Tuesday, 12 March 2019

The perfect prayer (Tues of Lent 1)

Tuesday of the First Week of Lent

Is 55:10-11  ;  Ps 33  ;  Mt 6:7-15

Let us pray

O LORD who for our sake didst fast forty days and forty nights: give us grace to use such abstinence, that, our flesh being subdued to the Spirit; we may ever obey thy godly motions in righteousness and true holiness, to thy honour and glory; who livest and reignest with the Father in the unity of the Holy Spirit, ever one God, world without end. Amen.

The perfect prayer of the perfect Pray-er
“The Lord’s prayer is the most perfect of prayers … In it we ask, not only for the things we can rightly desire, but also in the sequence that they should be desired,” thus said St Thomas Aquinas in his Summa Theologica (also CCC 2763). And St Augustine said, “Run through all the words of the holy prayers, and I do not think that you will find anything in them that is not contained and included in the Lord’s Prayer” (also CCC 2762).
If we seek to renew or re-invigorate our prayer then returning to the Lord’s prayer is the most important thing for us to do because it is the perfect prayer given to us by the perfect Pray-er. We learn to pray by going to our Lord’s school of prayer.
In our Lord’s school of prayer He wrote just one textbook with just fifty-five words in it.
He did not give us psychological techniques but the actual words of a prayer; a prayer, though, not to be just repeated mechanically.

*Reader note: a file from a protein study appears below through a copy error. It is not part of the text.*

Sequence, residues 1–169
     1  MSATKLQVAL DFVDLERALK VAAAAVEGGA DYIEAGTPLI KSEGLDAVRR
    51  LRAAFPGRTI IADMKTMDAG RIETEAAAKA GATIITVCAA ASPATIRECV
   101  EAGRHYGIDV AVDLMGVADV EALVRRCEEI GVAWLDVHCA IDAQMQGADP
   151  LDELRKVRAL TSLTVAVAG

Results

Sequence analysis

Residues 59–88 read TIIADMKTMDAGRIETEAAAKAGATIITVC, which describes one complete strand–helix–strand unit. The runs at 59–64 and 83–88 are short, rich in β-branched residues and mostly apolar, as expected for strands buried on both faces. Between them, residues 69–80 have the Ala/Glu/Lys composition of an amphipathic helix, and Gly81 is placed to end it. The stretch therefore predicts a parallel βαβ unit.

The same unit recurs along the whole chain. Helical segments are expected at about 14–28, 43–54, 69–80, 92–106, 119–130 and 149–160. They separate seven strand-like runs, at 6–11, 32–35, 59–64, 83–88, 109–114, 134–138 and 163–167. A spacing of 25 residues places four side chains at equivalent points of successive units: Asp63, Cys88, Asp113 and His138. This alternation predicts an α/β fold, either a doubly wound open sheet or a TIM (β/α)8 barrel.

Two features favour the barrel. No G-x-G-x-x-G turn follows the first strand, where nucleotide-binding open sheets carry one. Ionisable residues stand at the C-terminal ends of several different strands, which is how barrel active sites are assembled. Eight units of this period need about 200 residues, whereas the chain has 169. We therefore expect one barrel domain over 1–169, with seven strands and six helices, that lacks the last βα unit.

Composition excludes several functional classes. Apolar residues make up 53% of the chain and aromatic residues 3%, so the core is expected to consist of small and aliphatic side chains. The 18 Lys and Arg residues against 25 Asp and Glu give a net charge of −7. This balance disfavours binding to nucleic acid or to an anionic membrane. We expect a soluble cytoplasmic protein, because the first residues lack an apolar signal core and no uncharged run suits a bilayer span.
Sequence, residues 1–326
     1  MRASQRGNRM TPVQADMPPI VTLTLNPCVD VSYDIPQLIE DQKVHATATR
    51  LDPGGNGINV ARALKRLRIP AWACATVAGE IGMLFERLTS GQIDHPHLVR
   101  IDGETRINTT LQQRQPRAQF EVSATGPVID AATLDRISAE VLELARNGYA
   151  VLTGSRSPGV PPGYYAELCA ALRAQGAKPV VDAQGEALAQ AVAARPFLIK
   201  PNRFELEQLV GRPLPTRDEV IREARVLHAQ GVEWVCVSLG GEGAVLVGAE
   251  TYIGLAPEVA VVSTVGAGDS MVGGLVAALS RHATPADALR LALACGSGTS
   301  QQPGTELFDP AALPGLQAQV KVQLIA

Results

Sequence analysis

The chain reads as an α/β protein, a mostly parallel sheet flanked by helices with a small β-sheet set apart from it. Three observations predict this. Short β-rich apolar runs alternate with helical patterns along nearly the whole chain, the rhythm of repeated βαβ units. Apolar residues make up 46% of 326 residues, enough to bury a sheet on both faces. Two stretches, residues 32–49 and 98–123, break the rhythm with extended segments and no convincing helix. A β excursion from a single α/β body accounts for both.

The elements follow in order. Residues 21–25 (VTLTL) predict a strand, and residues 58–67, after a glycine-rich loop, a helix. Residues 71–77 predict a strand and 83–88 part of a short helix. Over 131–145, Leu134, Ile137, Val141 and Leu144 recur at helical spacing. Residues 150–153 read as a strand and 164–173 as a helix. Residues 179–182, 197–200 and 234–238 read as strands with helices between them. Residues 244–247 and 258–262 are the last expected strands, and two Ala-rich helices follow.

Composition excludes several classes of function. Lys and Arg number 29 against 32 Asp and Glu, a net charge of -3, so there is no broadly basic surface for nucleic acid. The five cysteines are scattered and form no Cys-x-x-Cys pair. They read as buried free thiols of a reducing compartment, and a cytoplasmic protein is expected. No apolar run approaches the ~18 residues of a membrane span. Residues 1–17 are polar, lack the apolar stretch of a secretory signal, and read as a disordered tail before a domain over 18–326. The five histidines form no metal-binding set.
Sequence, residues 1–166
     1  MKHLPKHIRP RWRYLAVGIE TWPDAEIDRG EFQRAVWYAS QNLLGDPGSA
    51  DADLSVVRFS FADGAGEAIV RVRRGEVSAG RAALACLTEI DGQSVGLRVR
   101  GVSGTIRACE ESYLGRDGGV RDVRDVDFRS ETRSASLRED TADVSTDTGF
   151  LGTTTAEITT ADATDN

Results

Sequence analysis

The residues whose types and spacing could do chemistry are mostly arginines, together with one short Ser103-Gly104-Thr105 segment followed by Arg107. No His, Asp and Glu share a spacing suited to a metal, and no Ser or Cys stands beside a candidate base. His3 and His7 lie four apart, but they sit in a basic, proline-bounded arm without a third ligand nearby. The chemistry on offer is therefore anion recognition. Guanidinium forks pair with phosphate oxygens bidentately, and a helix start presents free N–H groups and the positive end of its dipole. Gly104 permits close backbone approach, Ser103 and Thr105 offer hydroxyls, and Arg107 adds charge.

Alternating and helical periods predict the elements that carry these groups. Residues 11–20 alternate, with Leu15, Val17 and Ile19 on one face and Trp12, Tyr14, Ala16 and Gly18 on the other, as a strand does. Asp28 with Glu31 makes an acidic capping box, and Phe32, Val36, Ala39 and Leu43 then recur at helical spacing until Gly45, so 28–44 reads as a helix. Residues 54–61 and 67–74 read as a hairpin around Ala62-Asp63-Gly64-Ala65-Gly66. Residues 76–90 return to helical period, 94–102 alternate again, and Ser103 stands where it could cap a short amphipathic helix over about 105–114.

When someone begins to play an instrument they begin by learning to read music. First they play the music mechanically. One note comes after the other. But as time goes on the music begins to flow. It is no longer a mechanical procedure, it now becomes something of beauty.
We must pray this prayer not just with our words. We must pray this prayer not just with our words and our minds. We must pray this prayer with our words, our minds and our hearts.
One of the key things to understand here is that we will only truly understand the words with our minds when we also will them with our hearts. When we desire and want what God’s wants, what God wills, then we will understand His word in this His prayer.
One of the best places to reflect more deeply about the Lord’s Prayer is the Catechism of the Catholic Church. Access it for free online or use the copy you have at home. There is a wealth of reflection on this perfect prayer by the perfect pray-er.
See CCC 2777 - 2865
Fr Ian

Let us pray

ALMIGHTY and everlasting God, who hatest nothing that thou hast made and dost forgive the sins of all those who are penitent: create and make in us new and contrite hearts, that we, worthily lamenting our sins and acknowledging our wretchedness, may obtain of thee, the God of all mercy, perfect remission and forgiveness; through Jesus Christ thy Son our Lord, who liveth and reigneth with thee, in the unity of the Holy Spirit, ever one God, world without end. Amen. 

Fr Ian is a catholic priest of the Personal Ordinariate of Our Lady of Walsingham in England. He is by papal dispensation married. He lives in a former convent with his wife and children in Devon, near the sea.

DAY NINE (Eve of Pentecost)